4.  Are there Commandments that you think are more important than the rest? Or do you see them all as equally important?

Each of the Ten Commandments gives us a different piece of the redemptive puzzle, showing us how the Israelite spirit plays itself out in values like honesty, wisdom, self-investment, life, love, property, and community. True, the First Commandment gives us the whole redemptive framework when it tells us that our God is the one “who took you out of Egypt, from the house of slaves” — suggesting that just as God can intervene and make the world better, so can we. The Fourth Commandment, about the Sabbath, shows us that just as God needed to “rest” — that is, to assert himself as being separate from his achievements — so do we as individuals have both the right and the responsibility to grow and learn and develop ourselves separately from our careers and projects. But each of the Commandments similarly makes a bold statement about who we are, and you need all ten of them to see the big picture of the kind of society the Bible had in mind.

5.  Are the 10 Commandments relevant to those who have no faith — or to those whose faith is not based in the Judeo-Christian tradition?

Obviously the Ten Commandments will be more accessible, at first, to someone who identifies with, or at least is not set against, biblical faith. But the Commandments represent a whole approach to life — far more than they speak about faith. Anyone who can appreciate the Western idea of redemption will find meaning and relevance in the Ten Commandments, regardless of their faith.

6.  Let’s talk some current events. You live in Israel now. How do Israelis view President Obama?

For the last thirty years, Israelis have been encouraged by a fundamentally pro-Israel attitude among American administrations — and as a result have been emboldened not just to defend themselves but also to make sacrifices in the quest for long-range peace agreements with their neighbors. By and large, however, the president has failed to do what Bill Clinton, for example, did so well: To make it clear to Israelis that he is fundamentally on their side. He has refused to visit Israel; he has taken a position on Jerusalem that is more aggressive against the Israeli consensus than any previous administration; he has traveled the world giving encouragement to many nations and worldviews that Israelis perceive as hostile.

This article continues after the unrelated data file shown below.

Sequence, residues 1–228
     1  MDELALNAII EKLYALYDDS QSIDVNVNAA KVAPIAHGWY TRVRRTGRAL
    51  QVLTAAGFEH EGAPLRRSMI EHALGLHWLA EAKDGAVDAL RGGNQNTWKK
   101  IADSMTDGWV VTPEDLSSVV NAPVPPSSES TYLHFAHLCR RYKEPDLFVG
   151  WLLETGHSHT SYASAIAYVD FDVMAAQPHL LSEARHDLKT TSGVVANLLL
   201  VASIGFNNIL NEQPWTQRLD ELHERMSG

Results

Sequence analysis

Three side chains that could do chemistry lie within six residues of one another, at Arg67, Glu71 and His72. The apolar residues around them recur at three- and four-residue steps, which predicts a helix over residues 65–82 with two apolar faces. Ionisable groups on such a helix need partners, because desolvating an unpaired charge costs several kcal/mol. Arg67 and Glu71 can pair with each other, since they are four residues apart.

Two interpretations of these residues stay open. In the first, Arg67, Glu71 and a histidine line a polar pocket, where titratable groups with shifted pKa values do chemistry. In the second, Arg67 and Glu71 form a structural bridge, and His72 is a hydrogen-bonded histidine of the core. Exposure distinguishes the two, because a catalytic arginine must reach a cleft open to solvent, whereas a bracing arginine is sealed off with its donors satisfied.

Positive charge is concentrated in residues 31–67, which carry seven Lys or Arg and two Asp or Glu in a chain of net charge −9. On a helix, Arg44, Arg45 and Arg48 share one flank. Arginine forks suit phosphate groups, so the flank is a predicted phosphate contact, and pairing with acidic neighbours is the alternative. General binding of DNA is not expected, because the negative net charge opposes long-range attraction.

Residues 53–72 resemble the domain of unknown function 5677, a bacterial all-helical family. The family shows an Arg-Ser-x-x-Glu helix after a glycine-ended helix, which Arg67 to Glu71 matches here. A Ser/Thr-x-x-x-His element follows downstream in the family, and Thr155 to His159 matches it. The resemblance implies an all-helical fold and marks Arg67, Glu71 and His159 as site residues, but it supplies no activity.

The result is that instead of encouraging an atmosphere of compromise — which requires a sense of security rather than fear — he has only encouraged the very forces in Israeli society that he presumably had hoped to dampen: Those who see Israel as alone, assaulted from all sides, and fundamentally incapable of viewing others in anything but the most hostile of terms. Many Israelis see themselves as an isolated people facing a very hostile world; there is nothing more likely to push them towards increasingly extreme views than to give them the sense that they really are alone.

7.  What do you think of the latest round of Israeli-Palestinian peace negotiations?

I’ve been watching the conflict from up close for nearly two decades, and I cannot recall a time that I was less optimistic about a peace agreement than today. The Palestinians are so deeply divided that the likelihood of achieving an agreement that would earn the approval of both the PA and Hamas and bring an end to the state of conflict seems impossible — but without such approval, Israelis face the prospect of again making concrete, painful sacrifices without getting peace in return — something they are too wary about to accept.

There is a deeper problem as well. The bottom line is that so long as one side is systemically dedicated to violence against the other side, there won’t be peace. And the only way to measure that is not through the agreements signed, but through the words that leaders and official institutions use in speaking to their own people. In the case of the Palestinians, there’s a very clear, easy litmus test: What are they teaching their kids in school? So long as Palestinian schools continue to de-legitimize Israel, lionize terrorists, and incite hatred for Jews and Israelis, any agreement their leaders reach will be temporary at best.